WASHINGTON, February 14, 2018: President Trump has just sent his budget request for fiscal 2019 to Congress. President Trump’s budget proposal will increase annual government spending to $4.4 trillion dollars.
The White House estimates are that tax revenue will be just below $3.5 trillion meaning the deficit will be nearly $1 trillion.
According to the Congressional Budget Office (CBO), large deficits will continue for the next eight to ten years. If that’s true the public debt will increase from the current $20 trillion to about $26 to $28 trillion. President Obama added $7.917 trillion to the debt.
The CBO estimates could be wrong.
The CBO has a spotty record when forecasting expenditures and revenues. This estimate could be far from what actually happens. One reason is that the CBO forecast assumes annual economic growth will average 2.2% for the next decade, just slightly better than growth in the past eight years.
Using the 2.2% assumption, the CBO concludes that the recently passed tax cut alone will add $1.5 trillion to the deficit over the next ten years, which averages $150 billion per year.
However, if annual growth averages 2.9%, then the deficit resulting from the tax cut is reduced to $30 billion per year. If growth averages 3.5%, the pre-recession norm, then the tax cut creates a surplus of about $80 billion per year.
Since the tax cut is likely to increase growth, the deficit will probably not be negatively affected by the tax cut.
President Trump’s budget proposal and spending targets.
According to a Washington Post analysis, the budget increases spending for Veterans Affairs, Defense, Homeland Security and Human Services. At the same time, there are large spending decreases for the EPA, the Small Business Administration, the State Department, Transportation, Agriculture HUD and the Labor Department.
Hidden within those numbers are billions of dollars in reduced spending for safety net programs.
Food stamp spending which skyrocketed under the prior administration will see billions of dollars in reduced spending, mostly because the need will be reduced by the high growth economy.
In fact, Trump wants to change the food stamp, or SNAP, policy.
Instead of giving the needy food cards which allow them to purchase virtually any items sold in grocery stores, Trump wants to send recipients commodity deliveries of food. This, Trump believes, will reduce cost and improve the quality of the food.
With the popularity of boxed food delivery groups, like Plated, Hello Fresh or Blue Apron, that President Trump has referred to, the idea is actually quite sound. Average monthly SNAP benefits for a family of four is $456.00. By providing foods at wholesale prices that meet FDA Food Pyramid guidelines, a side benefit of a program may be better health and less obesity among those on food assistance. (The Messy Relationship Between Food Stamps and Health).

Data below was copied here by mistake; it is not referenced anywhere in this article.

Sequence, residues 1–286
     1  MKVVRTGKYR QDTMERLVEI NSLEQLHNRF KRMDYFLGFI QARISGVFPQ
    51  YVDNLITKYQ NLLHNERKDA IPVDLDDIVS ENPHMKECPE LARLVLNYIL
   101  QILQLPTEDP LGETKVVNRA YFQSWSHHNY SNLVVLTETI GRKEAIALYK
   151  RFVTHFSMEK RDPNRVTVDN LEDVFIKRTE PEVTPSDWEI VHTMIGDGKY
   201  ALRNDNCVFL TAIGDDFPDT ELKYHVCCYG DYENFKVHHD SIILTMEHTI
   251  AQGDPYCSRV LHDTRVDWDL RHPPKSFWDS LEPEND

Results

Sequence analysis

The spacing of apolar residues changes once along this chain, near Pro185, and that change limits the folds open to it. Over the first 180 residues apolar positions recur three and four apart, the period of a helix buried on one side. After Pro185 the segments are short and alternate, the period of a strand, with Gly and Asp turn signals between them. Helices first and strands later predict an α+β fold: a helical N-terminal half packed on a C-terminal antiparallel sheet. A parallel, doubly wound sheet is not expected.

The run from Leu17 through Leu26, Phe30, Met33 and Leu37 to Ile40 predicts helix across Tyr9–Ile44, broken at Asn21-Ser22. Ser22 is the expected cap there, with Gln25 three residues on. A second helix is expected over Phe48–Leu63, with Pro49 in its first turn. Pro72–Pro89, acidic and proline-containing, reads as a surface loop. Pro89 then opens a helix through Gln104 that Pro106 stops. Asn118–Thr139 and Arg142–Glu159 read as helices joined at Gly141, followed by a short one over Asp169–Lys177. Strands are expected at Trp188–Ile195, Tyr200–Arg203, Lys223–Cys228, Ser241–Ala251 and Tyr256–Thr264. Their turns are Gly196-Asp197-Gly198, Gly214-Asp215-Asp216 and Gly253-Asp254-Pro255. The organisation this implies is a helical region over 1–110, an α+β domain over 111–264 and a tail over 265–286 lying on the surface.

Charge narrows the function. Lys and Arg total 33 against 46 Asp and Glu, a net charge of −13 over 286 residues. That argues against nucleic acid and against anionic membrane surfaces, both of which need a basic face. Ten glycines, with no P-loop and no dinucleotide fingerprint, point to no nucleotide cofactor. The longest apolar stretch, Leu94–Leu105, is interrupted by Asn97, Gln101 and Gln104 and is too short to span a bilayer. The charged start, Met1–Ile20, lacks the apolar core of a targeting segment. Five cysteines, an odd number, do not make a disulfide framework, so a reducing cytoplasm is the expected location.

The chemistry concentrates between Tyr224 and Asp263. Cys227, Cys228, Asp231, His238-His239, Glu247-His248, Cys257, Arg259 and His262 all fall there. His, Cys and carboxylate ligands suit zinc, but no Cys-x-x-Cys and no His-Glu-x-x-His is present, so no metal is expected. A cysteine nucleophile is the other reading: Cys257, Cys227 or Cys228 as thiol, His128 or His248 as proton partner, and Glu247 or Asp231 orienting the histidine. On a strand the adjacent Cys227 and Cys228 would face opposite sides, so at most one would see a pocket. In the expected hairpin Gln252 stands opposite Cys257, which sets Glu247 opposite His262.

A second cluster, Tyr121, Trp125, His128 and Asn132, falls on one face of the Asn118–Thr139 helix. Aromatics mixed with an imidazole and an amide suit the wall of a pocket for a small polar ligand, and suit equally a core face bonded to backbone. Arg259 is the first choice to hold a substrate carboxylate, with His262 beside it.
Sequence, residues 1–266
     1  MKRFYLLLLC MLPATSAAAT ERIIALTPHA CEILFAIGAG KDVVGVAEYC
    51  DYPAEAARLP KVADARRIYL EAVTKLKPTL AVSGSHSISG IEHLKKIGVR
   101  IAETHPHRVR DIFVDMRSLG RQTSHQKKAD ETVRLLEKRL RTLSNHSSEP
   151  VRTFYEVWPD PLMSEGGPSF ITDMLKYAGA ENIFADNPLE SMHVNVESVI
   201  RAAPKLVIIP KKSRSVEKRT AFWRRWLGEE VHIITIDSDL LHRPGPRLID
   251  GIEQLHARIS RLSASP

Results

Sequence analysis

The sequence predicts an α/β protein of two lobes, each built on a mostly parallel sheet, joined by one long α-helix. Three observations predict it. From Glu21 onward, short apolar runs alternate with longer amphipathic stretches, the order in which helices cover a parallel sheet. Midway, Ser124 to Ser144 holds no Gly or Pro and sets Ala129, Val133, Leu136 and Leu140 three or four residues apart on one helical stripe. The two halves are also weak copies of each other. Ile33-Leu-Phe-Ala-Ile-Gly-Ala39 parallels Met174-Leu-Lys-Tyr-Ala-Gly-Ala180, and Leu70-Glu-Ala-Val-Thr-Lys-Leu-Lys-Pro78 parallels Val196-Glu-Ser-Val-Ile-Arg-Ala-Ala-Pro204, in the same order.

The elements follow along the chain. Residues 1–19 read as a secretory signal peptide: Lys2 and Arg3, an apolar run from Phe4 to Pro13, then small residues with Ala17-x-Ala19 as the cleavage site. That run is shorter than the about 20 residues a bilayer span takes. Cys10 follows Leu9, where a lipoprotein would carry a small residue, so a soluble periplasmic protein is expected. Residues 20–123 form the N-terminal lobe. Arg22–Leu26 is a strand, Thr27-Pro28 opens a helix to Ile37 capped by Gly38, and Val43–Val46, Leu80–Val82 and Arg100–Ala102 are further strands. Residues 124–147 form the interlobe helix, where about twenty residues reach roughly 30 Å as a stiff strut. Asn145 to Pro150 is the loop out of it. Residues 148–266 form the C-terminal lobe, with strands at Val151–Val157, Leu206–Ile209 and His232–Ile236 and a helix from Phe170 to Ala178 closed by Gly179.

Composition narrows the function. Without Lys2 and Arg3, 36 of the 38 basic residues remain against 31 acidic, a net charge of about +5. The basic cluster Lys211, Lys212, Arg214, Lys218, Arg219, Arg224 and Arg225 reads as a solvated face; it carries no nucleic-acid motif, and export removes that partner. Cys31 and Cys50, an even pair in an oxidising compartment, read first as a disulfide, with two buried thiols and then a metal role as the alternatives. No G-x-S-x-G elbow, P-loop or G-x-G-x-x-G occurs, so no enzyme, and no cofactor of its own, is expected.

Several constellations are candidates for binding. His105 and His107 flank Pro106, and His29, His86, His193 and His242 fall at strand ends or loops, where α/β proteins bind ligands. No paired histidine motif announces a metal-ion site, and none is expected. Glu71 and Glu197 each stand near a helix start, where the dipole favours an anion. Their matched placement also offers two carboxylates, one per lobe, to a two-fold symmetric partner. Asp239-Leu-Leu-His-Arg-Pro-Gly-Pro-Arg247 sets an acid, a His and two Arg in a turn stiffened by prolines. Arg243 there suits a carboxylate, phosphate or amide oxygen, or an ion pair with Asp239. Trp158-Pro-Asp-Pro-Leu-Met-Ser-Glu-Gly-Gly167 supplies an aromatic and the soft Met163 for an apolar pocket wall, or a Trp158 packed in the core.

Trump also wants those able-bodied recipients of government assistance, to work in return for those benefits with expectations for the elderly, disabled, pregnant or medically challenged.
Congress has the final say.
Congress is the final arbitrator on the budget and must approve the final budget. President Trump’s budget is his suggestion as to what those spending levels should be, and where that money should be spent.
What Congress finally passes, may be much different than Trump’s proposal.
Congress recently just passed and the president signed, a large increase in spending. In order to avoid another lengthy government shutdown, Congress agreed to hundreds of billions of dollars in Defense spending, aid for disaster victims and some domestic spending like funds for fighting the opioid crisis.
In addition to his President Trump’s budget proposal, the President has also suggested that America needs a massive increase in funding for infrastructure. He proposes that Congress allocate an additional $200 billion as seed money to trigger $1.5 trillion in infrastructure spending.
Trump expects the private sector and the states to make up the difference. Using private funds to build or rebuild roads, bridges and other transportation facilities helps reduce the federal government’s spending. If enacted, the result would be that some roads and bridges which are free to motorists today will now be toll roads. Trump may argue that, in some instances, the users of the roads should pay the toll, while taxpayers who do not use the road, should not pay.
What about a balanced budget?
Since 2009, the large annual budget deficits have increased from just under $11 trillion to more than $20 trillion. Trump did promise he would reduce annual deficits so that the public debt would not increase. Even using the most optimistic forecasts, the public debt will increase significantly during Trump’s term in office.
President Trump’s budget has placed economic growth, rebuilding the military and reforming the tax code as his primary priorities. By next year, the economy should be growing at a healthy rate, perhaps as high as 4 ½% to 5%. Increases in military spending will have been approved and his tax plan will be fully implemented.
At that time, he will turn his attention to reducing spending to reduce the deficit and stop the growth of the public debt.
Let’s hope he can figure out a way to do that.